Just the thought of monitoring and controlling content across email, web, social networks, and the host of Internet tools used by the digital generation can be daunting. Where does a school start, and how can it provide effective protection with a limited budget?

Here are some tips:

·         Look for a solution that provides the ability to monitor and block malicious or slanderous messaging across email and web in a single solution and intelligently finds the threats, categorizes them, and takes the appropriate remediation action defined by the school or district policies.

·         Ensure that the solution you choose extends email and web protection beyond anti-spam, anti-malware, and URL filtering with the integrated ability to scan all inbound and outbound content and attachments using granular content controls, such as objectionable content filtering. By monitoring and blocking malicious messages from reaching their intended recipients, schools can stop cyber-bullying in its tracks.

·         Check that your technology allows you to define and enforce acceptable use and objectionable content policies for email and web to block, quarantine or reroute slanderous and harmful content.

·         The best solutions are unified solutions that enable access control to certain websites, monitor email usage, provide notification of policy violations, monitor SMTP and webmail traffic, provide consolidated reporting for holistic visibility into cyber bullying actions, block offensive content from being uploaded onto websites and help you identify gaps through which students maybe trying to bypass system measures.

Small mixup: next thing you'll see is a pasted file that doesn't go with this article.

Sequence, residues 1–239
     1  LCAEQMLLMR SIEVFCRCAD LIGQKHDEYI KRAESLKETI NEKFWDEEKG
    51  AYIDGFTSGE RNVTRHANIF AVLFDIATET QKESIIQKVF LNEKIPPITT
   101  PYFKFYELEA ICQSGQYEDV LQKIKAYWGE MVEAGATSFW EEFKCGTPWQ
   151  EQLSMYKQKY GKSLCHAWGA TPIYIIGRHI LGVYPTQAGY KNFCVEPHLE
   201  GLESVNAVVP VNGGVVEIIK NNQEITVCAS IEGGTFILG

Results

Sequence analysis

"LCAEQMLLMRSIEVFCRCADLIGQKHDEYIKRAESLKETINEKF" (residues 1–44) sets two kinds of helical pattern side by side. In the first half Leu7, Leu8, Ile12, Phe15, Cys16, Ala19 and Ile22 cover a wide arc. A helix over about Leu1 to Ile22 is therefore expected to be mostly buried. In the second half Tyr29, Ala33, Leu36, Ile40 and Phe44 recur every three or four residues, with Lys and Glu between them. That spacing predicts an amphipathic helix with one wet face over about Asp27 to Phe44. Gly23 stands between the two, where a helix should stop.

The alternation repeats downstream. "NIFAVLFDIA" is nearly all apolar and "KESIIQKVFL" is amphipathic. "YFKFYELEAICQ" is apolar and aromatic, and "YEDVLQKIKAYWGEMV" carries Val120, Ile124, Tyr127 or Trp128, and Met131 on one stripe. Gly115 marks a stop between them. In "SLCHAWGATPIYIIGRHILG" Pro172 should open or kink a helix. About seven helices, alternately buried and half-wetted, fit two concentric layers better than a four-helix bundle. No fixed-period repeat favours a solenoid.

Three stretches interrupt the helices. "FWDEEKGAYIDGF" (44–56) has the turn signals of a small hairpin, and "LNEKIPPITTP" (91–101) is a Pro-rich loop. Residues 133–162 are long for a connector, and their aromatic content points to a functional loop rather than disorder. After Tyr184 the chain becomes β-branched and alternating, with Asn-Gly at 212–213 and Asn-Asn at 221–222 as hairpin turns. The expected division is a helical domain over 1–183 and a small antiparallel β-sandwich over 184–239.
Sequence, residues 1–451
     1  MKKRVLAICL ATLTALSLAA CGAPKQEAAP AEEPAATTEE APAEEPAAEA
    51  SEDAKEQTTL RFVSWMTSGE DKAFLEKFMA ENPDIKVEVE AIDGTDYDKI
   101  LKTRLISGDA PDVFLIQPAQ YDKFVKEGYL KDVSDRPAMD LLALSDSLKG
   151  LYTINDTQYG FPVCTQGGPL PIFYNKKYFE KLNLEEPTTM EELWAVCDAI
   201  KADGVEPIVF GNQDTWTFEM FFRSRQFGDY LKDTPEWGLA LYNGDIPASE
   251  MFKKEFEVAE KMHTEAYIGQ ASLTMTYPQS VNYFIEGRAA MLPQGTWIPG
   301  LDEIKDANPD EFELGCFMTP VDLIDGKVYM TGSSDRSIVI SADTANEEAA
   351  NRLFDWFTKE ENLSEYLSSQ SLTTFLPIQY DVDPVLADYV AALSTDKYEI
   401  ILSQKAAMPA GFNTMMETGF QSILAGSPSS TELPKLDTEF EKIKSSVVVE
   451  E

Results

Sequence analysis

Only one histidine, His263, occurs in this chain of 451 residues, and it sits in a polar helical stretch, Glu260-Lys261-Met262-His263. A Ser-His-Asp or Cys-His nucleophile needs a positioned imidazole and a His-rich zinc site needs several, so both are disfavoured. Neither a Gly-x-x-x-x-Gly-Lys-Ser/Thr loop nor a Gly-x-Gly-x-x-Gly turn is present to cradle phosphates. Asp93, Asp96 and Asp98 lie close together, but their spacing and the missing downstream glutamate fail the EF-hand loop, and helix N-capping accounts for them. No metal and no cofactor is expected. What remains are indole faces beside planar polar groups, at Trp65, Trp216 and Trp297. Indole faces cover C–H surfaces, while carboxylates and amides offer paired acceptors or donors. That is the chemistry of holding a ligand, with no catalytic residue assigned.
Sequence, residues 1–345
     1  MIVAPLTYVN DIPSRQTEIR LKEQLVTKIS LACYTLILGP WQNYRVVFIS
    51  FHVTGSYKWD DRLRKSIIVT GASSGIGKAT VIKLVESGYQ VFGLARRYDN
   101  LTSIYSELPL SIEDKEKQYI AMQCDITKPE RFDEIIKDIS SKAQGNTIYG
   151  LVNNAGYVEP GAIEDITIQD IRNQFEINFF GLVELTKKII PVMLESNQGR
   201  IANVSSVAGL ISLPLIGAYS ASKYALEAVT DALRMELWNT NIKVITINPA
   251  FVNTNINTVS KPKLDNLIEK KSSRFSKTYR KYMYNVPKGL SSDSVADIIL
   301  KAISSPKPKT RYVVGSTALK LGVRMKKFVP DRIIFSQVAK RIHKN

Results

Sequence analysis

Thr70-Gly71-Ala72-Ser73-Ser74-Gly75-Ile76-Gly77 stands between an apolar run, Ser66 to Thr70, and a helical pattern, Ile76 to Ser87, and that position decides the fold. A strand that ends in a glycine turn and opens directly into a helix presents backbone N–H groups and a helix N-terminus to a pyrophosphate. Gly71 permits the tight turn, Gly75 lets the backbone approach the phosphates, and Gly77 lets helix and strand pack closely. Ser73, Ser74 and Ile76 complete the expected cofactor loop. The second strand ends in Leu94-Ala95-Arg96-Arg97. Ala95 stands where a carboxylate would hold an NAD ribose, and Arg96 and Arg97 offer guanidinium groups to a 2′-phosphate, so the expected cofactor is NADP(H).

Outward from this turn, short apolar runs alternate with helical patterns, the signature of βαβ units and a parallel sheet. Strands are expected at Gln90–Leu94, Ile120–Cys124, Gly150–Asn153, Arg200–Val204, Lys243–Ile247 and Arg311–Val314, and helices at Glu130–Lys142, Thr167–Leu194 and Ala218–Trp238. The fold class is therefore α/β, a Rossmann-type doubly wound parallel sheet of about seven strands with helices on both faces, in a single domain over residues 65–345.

[1]http://security.networksasia.net/content/china-singapore-top-charts-cyberbullying-among-youths

The views expressed in this column are the author's own and do not necessarily reflect this publication's view, and this article is not edited by Singapore Business Review. The author was not remunerated for this article.

Do you know more about this story? Contact us anonymously through this link.

Click here to learn about advertising, content sponsorship, events & rountables, custom media solutions, whitepaper writing, sales leads or eDM opportunities with us.

To get a media kit and information on advertising or sponsoring click here.

Scott Robertson

Scott Robertson

Scott Robertson is the Vice President of WatchGuard Technologies for APAC. He took over as WatchGuard's vice president of sales APAC in 2012, after leading the turnaround of the company's ANZ region with over 40% year-over-year growth. Robertson has a combined MBA from the University of Washington and Macquarie Graduate School of Management, with a concentration in entrepreneurial studies.
 

Contact Information